It's in the dismount!

Discussion in 'Disaster Help' started by RedShoe, Sep 5, 2017.

  1. RedShoe

    RedShoe Well-Known Member

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    What's your perfect dismount when things start falling apart?

    Mine is the fan display!

    Cake broke, stuck to the parchment paper and i lost a chunk in the transfer, but still had to photograph it as my monthly Feature Flavor and bring it to a party...

    PhotoGrid_1504647844902.jpg
    Cuba Libre - Rum, Cola and Lime.
    (Vanilla box cake, RC&L instead of water in mix and basted on, R&L in cream cheese icing.)

    Cake was a hit (a mess, but a hit)!
     
    RedShoe, Sep 5, 2017
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  2. RedShoe

    ChesterV Well-Known Member

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    LIME!!!!

    OMG!!!!! If there's anything better than peach, it's LIME!!!!!

    Cake is good no matter what it looks like!:D

    Yes, I would have done the same if my bundt didn't come out so perfect.

    But I'm curious.........parchment paper on bundt cake? Exactly how does that work?

    I've never used parchment paper in my life, unless it was to line a pastry box with.

    In fact, I don't think I've used any kind of paper product for cakes, ever. I used waxed paper once when I made Chocolate Chewies, but you have to on those, otherwise they end up "super glued" to the pan.



    Hmmmm...........

    I have a challenge for you............

    Peach, lime, poppyseed, and mint bundt cake.
    It's up to you to decide what is what.
    If you decide to make one, I definitely want to see it!
    ;)
     
    ChesterV, Sep 5, 2017
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  3. RedShoe

    RedShoe Well-Known Member

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    LOL!!! I love that i make your day with the flavors!

    As for the parchment paper, I invert my cakes onto parchment when i forget to carry along my cooling racks. Normally, I can lift them off and place them on cake rounds (which i usually cover in paper too) to package them, but this sweetheart was sticky and a tad too moist, so she broke when i tried to lift her off.

    As for your challenge, i just posted that this weekend as my October Challenge -- "If you can Drink it, I can Bake it". I would be glad to toss that one together and ship it to you, but it wouldn't exactly be for free... ;)
     
    RedShoe, Sep 6, 2017
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    ChesterV likes this.
  4. RedShoe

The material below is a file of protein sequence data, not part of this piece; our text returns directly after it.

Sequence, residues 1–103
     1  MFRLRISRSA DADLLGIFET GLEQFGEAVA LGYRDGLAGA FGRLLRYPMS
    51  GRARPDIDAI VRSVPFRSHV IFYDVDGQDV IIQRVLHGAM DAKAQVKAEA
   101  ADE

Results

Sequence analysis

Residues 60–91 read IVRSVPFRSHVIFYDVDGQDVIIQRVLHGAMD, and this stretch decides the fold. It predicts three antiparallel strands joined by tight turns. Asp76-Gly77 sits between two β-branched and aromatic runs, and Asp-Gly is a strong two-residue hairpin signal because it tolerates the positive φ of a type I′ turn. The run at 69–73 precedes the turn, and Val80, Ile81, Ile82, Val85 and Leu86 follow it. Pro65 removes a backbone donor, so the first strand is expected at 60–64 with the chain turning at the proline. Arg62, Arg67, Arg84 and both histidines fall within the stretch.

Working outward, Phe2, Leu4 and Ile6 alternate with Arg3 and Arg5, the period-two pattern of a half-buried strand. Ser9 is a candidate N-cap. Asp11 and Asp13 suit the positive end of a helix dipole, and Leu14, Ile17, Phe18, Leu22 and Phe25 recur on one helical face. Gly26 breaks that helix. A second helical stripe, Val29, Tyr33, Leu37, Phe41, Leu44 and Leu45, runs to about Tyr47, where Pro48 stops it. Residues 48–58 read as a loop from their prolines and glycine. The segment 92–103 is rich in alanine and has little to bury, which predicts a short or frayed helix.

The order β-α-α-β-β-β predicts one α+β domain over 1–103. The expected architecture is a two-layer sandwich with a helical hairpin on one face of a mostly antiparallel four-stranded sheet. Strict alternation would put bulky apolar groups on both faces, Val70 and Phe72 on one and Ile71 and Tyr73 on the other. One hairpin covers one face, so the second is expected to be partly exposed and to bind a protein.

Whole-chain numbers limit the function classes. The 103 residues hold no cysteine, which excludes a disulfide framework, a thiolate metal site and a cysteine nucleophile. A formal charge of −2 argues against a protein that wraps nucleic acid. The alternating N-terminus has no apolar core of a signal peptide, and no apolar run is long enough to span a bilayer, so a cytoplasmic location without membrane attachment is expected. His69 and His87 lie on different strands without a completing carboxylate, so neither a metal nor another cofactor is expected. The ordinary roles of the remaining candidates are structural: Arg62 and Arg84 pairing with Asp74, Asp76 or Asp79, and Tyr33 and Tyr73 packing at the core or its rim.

ChesterV Well-Known Member

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    I never use racks for cakes. I let them cool in the pan until I can touch them, then I flip them over onto a cookie sheet wrapped with plastic wrap.

    For bundt cakes, I let them cool until I can touch them, then flip them onto the plate or cake stand they will be served on. Sometimes I have to let the cake sit in the pan until it cools completely. If thats the case, then I sort of "whack it around", slapping the sides of the bundt pan while its still warm to loosen it up a bit. That way it doesn't stick when I flip it out onto something.

    You can also use cardboard or plastic rounds and flip the cake onto those if you want to cool them outside the pan.
    They are easier to slide off onto your serving plate that way, or you can just leave them on the cardboard.
     
    ChesterV, Sep 8, 2017
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  5. RedShoe

    RedShoe Well-Known Member

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    I prefer to dress my ladies before i plate or package them, so i do that on the parchment paper. I then transfer it to the dish for display or the covered round to go in the box. I dressed and delivered on the same parchment paper once... Not cute in the slightest. All sorts of puddles and blops of icing everywhere. Nope. Presentation is everything. Learned from that point on to dress then transfer.
     
    RedShoe, Sep 8, 2017
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  6. RedShoe

    Norcalbaker59 Well-Known Member

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    Are you using a cake lifter? Coated with powdered sugar, a cake should slide off a lifter easily. Since powdered sugar dissolves into the cake, it won't leave unsightly white streaks.

    But rather than transfer the unsupported cake from surface to surface, use a cake circle to support the cake from start to finish. Just unmold the cake right onto the cake circle. Then decorate, box, deliver on the same circle. I know they make precut parchment paper for tube pans, but I don't think they make a cake circle with precut center hole. Depending on the type of icing, you may want a center circle for excess icing to drip through. A circle punch or circle cutter would make fast work of cutting holes in cake circles.

    I use cake circles for all my cakes, even the mini ones. It's the only way to move a cake or a layer without risk of it breaking apart. I use a cake circle slightly smaller than the diameter of my cake. That way it doesn't show on the outside edge, while providing full support to the cake.
     
    Norcalbaker59, Sep 8, 2017
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